The speakers themselves are fairly lightweight, but not totally unsubstantial. The left speaker weighs in at 1.1 pounds, and the right, which houses a 10-watt amplifier, come in at 1.4 pounds. Logitech has conveniently placed a volume control on the front of the right speaker. When turned all the way to the left, the speakers completely power down.
As for connectivity, the two satellites are connected by a 6-foot cord that should give you ample stereo separation. There's a dedicated cable for connecting the speakers to a laptop or desktop PC (or you could plug the minijack directly into an audio device), as well as a headphone jack on the right speaker that doubles as an auxiliary input for other audio devices, such as iPods.
In its marketing materials, Logitech says the Z320 speaker system "floods every corner of your room with Logitech 360-degree sound. No dead spots, missing high notes, or dropped-out bass thumps. You hear every note and nuance from every spot in the room. It's sound dispersed so clearly and evenly in all directions, you feel like you're in your music, movies, and games." Not surprisingly, that's pushing things a bit.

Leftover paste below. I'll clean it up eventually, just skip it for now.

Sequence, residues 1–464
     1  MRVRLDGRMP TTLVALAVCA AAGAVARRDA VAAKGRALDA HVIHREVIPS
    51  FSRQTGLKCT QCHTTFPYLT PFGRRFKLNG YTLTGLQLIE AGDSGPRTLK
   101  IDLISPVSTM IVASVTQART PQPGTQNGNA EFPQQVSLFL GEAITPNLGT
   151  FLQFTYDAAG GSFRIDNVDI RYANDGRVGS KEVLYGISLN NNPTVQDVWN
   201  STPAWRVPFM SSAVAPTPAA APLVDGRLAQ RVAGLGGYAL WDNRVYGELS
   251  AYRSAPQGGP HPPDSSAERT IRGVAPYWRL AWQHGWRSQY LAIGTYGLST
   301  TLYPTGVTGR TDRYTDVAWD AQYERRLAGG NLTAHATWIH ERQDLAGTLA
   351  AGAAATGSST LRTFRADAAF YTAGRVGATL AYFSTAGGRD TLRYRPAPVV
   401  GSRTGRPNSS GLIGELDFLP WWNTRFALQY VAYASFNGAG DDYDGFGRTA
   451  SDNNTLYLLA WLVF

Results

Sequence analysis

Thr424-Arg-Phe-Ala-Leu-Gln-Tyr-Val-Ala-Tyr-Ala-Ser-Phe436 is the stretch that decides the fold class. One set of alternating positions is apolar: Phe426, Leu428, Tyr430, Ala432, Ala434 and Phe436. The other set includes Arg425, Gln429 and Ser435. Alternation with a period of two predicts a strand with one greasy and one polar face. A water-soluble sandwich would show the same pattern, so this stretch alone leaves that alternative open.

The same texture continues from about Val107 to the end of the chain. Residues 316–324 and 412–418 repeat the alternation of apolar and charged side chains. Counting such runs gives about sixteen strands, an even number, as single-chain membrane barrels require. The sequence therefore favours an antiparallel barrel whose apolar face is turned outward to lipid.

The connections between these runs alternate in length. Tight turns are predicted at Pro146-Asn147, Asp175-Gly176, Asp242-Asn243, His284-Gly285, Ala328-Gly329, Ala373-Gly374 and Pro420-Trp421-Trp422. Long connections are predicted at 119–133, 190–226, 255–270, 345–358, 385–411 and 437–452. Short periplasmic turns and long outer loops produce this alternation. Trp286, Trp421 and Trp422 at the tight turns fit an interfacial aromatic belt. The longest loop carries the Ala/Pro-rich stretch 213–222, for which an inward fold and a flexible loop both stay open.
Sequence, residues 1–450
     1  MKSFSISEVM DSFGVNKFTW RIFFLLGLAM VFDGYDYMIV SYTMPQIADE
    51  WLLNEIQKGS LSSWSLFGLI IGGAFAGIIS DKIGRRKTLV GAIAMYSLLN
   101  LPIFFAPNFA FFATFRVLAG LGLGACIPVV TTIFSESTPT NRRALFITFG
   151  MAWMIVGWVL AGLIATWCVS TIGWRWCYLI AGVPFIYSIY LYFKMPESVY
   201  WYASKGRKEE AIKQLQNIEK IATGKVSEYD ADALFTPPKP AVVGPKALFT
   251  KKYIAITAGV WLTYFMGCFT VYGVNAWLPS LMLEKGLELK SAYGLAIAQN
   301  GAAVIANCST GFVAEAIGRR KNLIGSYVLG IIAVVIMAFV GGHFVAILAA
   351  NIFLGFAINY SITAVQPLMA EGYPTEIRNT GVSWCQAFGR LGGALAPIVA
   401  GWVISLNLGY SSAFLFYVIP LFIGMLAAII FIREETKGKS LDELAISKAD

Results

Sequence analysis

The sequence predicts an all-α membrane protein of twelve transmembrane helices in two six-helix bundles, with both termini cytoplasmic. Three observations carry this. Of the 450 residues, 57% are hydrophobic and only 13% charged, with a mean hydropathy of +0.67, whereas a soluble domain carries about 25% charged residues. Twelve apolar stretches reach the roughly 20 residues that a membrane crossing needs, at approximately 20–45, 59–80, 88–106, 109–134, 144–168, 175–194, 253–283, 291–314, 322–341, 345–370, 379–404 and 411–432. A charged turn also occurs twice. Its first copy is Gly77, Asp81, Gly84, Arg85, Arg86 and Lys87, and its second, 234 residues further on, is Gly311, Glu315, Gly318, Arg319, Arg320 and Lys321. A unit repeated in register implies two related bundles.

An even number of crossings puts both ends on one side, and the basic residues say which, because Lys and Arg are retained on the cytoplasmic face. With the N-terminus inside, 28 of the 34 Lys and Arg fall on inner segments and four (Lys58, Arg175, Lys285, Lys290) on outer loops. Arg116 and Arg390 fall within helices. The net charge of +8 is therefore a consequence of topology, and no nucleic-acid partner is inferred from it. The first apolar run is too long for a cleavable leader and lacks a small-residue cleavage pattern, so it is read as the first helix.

The reality is, the Z320s are compact computer speakers that deliver decent but unspectacular sound for the money. Their strength is their clarity while their weakness is their bass. There's just not much oomph here, so bass-heavy music (for example, hip-hop) and the explosions in movies and games sound restrained. But acoustic tracks and dialog in movies sound really good. (If you're looking for more bass, consider the identically priced Logitech Z323, a 2.1 system that includes a dedicated subwoofer.)